Chicago's RedEye Offers Weekend Edition
CHICAGO (AdAge.com) -- The Chicago Tribune started an industrywide trend in 2002 when it launched RedEye, a mostly free weekday tabloid aimed at young commuters. Now it's trying to reach those same commuters when they aren't commuting -- with free home delivery of a new weekend edition.
"We're still focused on young urban commuters, and this is a way to reach them where they're at on the weekend," said RedEye Publisher Brad Moore.
RedEye was launched primarily as a commuter product, designed for the short attention spans of young readers trying to get the gist of the day's news in the time it takes the elevated train to reach their offices. While it was never particularly heavy on hard news, Mr. Moore said the new Saturday edition of RedEye will be tweaked to reflect a greater emphasis on weekend activities such as shopping, travel and Saturday-night activities.
Like a cable-TV provider
The new edition is the latest example of a major newspaper operating more like a cable-TV provider, offering a suite of distinct products for distinct audiences -- a break from the one-size-fits-all tradition of their flagship editions.
According to a Tribune press release, the new RedEye "will add to Chicago Tribune's suite of products that provide targeting capabilities across demographic and geographic segments."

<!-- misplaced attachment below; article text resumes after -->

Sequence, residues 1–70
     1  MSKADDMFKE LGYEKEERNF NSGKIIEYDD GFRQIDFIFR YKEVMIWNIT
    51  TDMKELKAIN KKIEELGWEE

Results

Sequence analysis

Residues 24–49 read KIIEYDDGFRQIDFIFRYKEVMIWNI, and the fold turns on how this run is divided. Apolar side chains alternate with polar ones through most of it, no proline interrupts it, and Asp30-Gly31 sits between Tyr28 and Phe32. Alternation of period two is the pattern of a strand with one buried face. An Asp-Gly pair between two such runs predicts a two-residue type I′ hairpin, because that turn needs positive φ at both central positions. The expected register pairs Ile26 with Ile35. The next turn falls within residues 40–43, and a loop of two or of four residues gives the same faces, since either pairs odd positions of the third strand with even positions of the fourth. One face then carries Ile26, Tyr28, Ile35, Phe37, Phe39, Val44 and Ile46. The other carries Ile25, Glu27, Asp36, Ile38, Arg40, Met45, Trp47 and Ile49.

Tribune Co.'s Chicago holdings may be the best example of this approach in the nation: The media conglomerate owns the city's leading newspaper and regional magazine, its top-rated radio station, a CW TV affiliate, a local cable-news channel, a number of the city's top entertainment and sports websites, and the Chicago Cubs baseball team.
Of course, in offering free home delivery, the Tribune is going to unusual lengths to try to extend RedEye's reach to the weekend.
The increased expense of sending free copies to subscriber homes is justified, he said, by the opportunity to offer RedEye advertisers geographically targeted pre-print advertising, which the weekday RedEye doesn't deliver, hurting it with food and grocery advertisers.
Mr. Moore said the paper plans to deliver about 100,000 copies of its weekend edition. It currently prints 150,000 copies per day during the week.